“When the residents gathered together, [Serb forces] separated the men. Shortly thereafter, I heard shots on the way to the bus station and saw the bodies of about 20 men lying behind the paramilitary trucks. At the bus station, a policeman took my youngest son from my arms and then beat me when I tried to take him back. It was there also that I saw my father, mother, sister and brother for the last time. They are [now] reported missing. From the bus station, a policeman ordered the group to go to the railway station, where people went onto wagons waiting for their departure to Macedonia. The departure was delayed for six hours; during this time, an unestimated number of paramilitary came into the wagons and raped about 10-15 young girls in front of everyone, including young children. Finally, the train left for Blace...” An extract from the study, “Healing the spirit: Reparations for survivors of Sexual Violence related to the armed conflict in Kosovo”, which paints a horrific picture of the violence in Kosovo* during the armed conflict through 1998/1999.
The study, commissioned by the UN Human Rights Office in Kosovo and funded by the Finnish Government, examines the consequences of the sexual violence committed during the armed conflict to see what if any reparations have been made in response and to identify ways of offering redress to the victims.
In her address to launch the study, Osnat Lubrani, UN Development Coordinator in Kosovo, said this research “is the first to examine a painful topic of utmost sensitivity which has been a subject of some discussion in Kosovo, more often behind closed doors than in public.”
Lubrani noted that sexual crimes are often the ‘least visible… for many reasons, not least, the stigma and shame still attached to such crimes.”
The crimes, which the study describes, took place during a period of conflict in Kosovo following the break-up of the former Yugoslavia that was only halted after NATO intervention in 1999.
The focus of the research is the violence directed at Kosovo Albanian women because the study found insufficient information about victims from other ethnic groups and about reported violations involving men and boys. The study recommends further research to provide a more global view of the scope of sexual violence related to the armed conflict in Kosovo.
The acts of sexual violence committed by forces of the Federal Republic of Yugoslavia and Serbia against women and girls “contributed to an atmosphere of fear and oppression intended to facilitate the expulsion of the population from various locations in Kosovo.” According to the report these crimes were “often committed by more than one perpetrator, and [were] often exceptionally brutal.” It describes “rape, threatening body searches, beating of pregnant women to force abortion, humiliation by forcing women and girls to appear naked in front of one or more men, torture and severe physical abuse…”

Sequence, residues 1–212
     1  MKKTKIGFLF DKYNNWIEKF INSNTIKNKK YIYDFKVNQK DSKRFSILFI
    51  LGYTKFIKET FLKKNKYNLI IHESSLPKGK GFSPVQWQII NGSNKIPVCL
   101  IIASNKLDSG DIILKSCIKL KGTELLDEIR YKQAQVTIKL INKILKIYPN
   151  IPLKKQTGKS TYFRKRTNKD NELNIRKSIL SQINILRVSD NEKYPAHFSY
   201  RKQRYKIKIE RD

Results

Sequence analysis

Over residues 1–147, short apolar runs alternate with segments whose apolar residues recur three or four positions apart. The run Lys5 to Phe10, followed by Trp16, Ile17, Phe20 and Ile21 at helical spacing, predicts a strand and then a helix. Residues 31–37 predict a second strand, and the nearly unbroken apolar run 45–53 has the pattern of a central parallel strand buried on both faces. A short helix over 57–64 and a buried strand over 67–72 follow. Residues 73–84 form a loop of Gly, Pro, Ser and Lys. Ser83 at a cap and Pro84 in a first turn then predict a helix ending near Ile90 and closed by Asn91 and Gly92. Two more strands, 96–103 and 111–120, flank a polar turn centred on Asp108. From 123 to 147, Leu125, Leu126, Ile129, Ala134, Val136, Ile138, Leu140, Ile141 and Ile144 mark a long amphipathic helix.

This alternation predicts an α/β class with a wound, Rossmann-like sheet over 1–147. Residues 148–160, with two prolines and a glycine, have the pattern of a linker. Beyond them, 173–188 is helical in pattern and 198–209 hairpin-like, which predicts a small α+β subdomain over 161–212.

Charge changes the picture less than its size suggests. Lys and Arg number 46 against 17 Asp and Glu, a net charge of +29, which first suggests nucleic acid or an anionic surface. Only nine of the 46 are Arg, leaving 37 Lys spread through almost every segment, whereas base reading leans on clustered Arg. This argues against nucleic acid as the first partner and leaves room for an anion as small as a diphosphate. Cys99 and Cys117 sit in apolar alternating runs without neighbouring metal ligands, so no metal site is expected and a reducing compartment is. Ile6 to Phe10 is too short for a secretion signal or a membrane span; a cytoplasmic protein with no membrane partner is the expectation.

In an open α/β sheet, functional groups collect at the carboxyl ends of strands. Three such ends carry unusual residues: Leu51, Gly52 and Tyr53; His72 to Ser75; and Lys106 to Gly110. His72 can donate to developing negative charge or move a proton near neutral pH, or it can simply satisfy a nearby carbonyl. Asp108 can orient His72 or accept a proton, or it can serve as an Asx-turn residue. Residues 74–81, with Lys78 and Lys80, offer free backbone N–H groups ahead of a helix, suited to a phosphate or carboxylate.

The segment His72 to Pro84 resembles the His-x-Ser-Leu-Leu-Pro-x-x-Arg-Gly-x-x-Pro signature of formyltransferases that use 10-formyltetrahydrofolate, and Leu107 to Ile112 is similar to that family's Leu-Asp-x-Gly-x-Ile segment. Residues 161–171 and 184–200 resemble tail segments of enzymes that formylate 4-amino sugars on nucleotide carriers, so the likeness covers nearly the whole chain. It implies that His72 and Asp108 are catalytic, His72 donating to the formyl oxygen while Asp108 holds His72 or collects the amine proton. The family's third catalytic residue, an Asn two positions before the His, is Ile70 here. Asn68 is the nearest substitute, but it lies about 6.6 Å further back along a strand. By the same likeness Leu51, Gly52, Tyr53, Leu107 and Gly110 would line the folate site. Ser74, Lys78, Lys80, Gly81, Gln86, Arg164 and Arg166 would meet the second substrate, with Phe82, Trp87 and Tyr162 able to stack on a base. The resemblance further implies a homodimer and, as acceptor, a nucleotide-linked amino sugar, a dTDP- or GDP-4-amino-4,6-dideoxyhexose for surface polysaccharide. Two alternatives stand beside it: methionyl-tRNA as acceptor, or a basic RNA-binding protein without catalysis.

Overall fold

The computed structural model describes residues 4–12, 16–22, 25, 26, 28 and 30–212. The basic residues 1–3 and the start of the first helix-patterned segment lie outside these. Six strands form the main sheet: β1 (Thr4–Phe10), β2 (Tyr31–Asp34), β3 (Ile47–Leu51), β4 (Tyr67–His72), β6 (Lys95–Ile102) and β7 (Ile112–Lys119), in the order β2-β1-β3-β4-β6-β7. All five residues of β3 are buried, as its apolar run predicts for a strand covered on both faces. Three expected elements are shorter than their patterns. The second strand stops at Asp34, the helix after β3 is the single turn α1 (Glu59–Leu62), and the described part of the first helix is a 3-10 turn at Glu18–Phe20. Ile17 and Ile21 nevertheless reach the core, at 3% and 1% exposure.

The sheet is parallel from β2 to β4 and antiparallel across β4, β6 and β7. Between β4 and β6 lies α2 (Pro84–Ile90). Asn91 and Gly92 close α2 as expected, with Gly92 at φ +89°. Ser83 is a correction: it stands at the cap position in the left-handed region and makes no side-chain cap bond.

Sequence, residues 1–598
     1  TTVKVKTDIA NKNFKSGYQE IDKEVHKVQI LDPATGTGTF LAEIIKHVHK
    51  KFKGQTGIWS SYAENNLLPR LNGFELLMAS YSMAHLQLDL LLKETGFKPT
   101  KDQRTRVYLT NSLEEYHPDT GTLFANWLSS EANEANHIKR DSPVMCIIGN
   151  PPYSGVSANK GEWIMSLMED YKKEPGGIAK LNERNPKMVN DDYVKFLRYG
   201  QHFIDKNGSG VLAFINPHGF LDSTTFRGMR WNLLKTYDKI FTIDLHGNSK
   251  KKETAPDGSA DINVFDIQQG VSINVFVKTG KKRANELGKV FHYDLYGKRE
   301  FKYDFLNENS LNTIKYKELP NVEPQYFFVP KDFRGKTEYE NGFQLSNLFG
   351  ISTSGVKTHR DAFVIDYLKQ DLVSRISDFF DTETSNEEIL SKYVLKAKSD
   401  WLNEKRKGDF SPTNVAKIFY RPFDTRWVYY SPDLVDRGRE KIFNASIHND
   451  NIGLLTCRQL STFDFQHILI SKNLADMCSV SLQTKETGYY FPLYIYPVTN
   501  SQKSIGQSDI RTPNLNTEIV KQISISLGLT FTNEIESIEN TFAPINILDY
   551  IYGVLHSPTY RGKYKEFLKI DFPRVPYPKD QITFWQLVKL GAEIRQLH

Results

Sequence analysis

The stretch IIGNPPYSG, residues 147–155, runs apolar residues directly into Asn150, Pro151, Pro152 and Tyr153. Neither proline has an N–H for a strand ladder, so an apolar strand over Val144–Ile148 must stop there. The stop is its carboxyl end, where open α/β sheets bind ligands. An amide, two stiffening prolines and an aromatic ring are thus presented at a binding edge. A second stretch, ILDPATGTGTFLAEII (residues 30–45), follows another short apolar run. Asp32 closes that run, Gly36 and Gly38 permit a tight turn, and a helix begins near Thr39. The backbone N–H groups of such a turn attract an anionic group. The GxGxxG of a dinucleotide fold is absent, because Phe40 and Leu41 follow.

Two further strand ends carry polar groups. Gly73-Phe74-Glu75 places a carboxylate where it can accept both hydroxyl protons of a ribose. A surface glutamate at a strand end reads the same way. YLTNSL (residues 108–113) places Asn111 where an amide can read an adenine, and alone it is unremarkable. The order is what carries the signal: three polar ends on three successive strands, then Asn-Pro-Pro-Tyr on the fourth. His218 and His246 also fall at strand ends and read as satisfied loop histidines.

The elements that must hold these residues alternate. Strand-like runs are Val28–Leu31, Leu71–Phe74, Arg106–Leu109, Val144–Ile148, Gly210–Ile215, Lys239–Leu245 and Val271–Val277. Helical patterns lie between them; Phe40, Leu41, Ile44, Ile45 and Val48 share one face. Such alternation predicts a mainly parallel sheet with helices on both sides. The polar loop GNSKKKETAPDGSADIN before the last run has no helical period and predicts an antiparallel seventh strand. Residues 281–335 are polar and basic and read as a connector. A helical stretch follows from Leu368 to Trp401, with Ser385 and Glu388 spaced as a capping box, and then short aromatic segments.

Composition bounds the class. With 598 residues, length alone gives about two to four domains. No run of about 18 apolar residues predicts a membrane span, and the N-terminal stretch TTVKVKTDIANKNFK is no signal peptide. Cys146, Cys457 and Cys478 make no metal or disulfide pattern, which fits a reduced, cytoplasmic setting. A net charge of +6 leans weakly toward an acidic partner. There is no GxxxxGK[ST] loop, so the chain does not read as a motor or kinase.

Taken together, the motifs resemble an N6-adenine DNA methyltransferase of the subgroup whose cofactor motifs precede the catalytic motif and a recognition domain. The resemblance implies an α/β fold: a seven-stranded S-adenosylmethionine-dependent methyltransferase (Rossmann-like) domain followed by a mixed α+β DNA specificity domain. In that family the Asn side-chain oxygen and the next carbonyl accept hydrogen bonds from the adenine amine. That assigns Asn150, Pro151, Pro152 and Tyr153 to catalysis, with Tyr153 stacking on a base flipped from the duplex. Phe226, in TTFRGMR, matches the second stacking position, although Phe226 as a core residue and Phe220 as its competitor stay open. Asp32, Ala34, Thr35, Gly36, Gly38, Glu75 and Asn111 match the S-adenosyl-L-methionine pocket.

The impact of these attacks upon the survivors has been profound in physical, psychological, social and economic terms and exacerbated in the absence of any redress and because of the stigma associated with sexual violence.
While emphasizing that “there is no accurate data on the incidence of such violence and figures remain incomplete and flawed,” the report concludes, nonetheless, that, “this should not prevent the Kosovo authorities from adopting a reparation programme for the survivors who have already been identified.”
Joël Mermet, the head of the UN Human Rights Stand-alone Office in Kosovo says, “Although almost 14 years have passed, the wounds remain open and the need for a comprehensive reparations programme to benefit survivors of sexual violence related to the armed conflict in Kosovo remains true.”
Survivors of sexual violence who were interviewed for the study were unanimous that they should be provided with medical and psychological care; that they should receive financial compensation; and additional monetary support to assist with the education of their children. They also want what the study describes as “satisfaction”: an official declaration aimed at restoring the dignity, reputation and rights of victims, and the pursuit of legal and administrative sanctions against the perpetrators.
Kosovo’s Law on the Status and the Rights of the Martyrs, Invalids, Veterans, Members of the Kosovo Liberation Army, Civilian Victims of War and their Families enacted in 2011 makes no mention of or provision for compensation for victims of sexual violence. One of the chief recommendations from the study is that this Law be amended to include these people as civilian victims of war.
Other recommendations to the authorities in Kosovo include developing strategies for advancing reparations to survivors of sexual violence; redoubling efforts to bring to justice alleged perpetrators; and a range of financial support measures for both the victims themselves and their families. The report underlines the need to ensure the centrality of survivors in the design and implementation of reparations programmes as well as respect for the "do-no-harm" principle.
The UN Human Rights stand-alone Office in Kosovo monitors the human rights situation, and supports transitional justice initiatives with a special focus on witness protection, monitoring of war crimes and ethnically motivated crimes, and sexual gender based violence relating to the conflict. Additionally, it supports organizations in their efforts to deal with the past.
* Reference to Kosovo should be understood in full compliance with United Nations Security Council resolution 1244 and without prejudice to the status of Kosovo.
19 June 2013